Since the funding was announced to produce Justice Is Mind last month, there has been a flurry of activity around the entire project. As a filmmaker, it’s great to see a film begin to take on a life of its own. Of course in that process there are a mountain of details to attend to. In addition to securing the cast and crew, there are the locations and the nuances to detail so that when principal photography starts all things are in place—or damn close to it!
Our posting on New England Film for actors yielded over 300 responses across several states. I was delighted to see so many familiar faces from the work I’ve done over the last several years as both an actor and producer. But discovering new talent during the audition and casting process is always exciting. Make no mistake about it while New York and Los Angeles may claim to be the entertainment centers of the country, New England is a treasure drove of talent on both sides of the camera. Our call for crew has also brought an unprecedented quality in submissions. With callbacks taking place on July 7, and with crew discussions ongoing, look for our announcement of cast and crew soon.
In addition to the people that will bring Justice Is Mind to life, it is the locations that truly make the look of a production jump off the screen. A few weeks ago I traveled to Rotterdam, New York at the request of one of our starring actors to scout locations (thanks Vern!). There is something to be said about the welcoming atmosphere of a small town and the enthusiasm of the world of film. The same can be said for a restaurant in the town of Oxford we worked with on the short film and a two restaurant group I just visited in New Hampshire this past Friday.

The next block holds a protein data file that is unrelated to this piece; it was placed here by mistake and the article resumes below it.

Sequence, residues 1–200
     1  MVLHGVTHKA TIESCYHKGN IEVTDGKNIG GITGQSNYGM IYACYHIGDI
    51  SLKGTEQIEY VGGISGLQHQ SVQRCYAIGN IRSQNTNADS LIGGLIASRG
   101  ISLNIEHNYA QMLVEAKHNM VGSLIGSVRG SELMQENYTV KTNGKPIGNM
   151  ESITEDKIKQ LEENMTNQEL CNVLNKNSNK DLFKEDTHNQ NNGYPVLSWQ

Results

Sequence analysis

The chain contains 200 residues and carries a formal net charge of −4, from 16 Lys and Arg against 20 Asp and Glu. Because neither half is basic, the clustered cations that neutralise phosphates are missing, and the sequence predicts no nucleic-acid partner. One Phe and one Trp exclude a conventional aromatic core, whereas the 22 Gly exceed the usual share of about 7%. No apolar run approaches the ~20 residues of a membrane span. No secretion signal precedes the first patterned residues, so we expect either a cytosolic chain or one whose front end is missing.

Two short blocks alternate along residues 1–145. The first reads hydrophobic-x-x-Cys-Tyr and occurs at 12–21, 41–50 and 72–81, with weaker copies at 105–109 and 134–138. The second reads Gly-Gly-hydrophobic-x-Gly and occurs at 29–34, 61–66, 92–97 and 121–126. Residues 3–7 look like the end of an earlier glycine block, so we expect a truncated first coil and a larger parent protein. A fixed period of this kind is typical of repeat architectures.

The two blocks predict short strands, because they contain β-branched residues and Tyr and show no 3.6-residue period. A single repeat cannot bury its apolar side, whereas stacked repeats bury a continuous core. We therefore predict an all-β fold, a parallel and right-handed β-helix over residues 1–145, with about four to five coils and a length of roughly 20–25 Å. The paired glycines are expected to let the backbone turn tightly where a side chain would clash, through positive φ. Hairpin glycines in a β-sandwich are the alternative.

Producing a low-budget feature film is no easy task. You are asking actors, crew and locations to work with you largely as a project of passion and belief in what everyone is aiming to accomplish – a quality motion picture that will be well received in the market. But for anyone that has worked with me on previous projects, there is one element that they know I bring to the table – promotion and marketing. Yes, I am relatively relentless when it comes to the promotion of projects I’m involved with (it’s also what I do for a living). While the immediate situation may not yield a market level payout, everyone rides along on the promotion train, shares in the rewards and leverages this project for the next gig and the next and so on. I did that in figure skating which eventually led to a gig on network TV show (FOX’s Skating with Celebrities). This is why we are offering points to the majority of actors and crew on this project. I can’t speak for anyone but myself, but I know I wouldn’t mind receiving a check every quarter for a project I did a couple of years past. It’s a reminder that the work you did mattered and that someone is going to bat for you. Just as important, your work is being seen.
On the side of promotion and distribution, I am delighted to announce that IndieFlix released Justice Is Mind: Evidence on June 19. The short is now available digitally for all those to view and enjoy. And on the film festival front, Evidence has been accepted to the Scinema 2012 Festival of Science Film in Australia and the Chicon 7 Independent Film Festival in Chicago. With our acceptance to these festivals, we are making some artwork updates to the Justice Is Mind: Evidence DVD. Look for that release later on this month.
To the actors and crew who have submitted, to the location stakeholders who have welcomed and considered our production, to our distributor IndieFlix and to the film festivals that have accepted us, I say thank you. To Mary Wenninger and Stefan Knieling, who backed the feature, and to my Producer/AD, Jess Killam and her organizational skills and knowledge—it goes without saying that absent your support the production of the feature film Justice Is Mind would not be possible.
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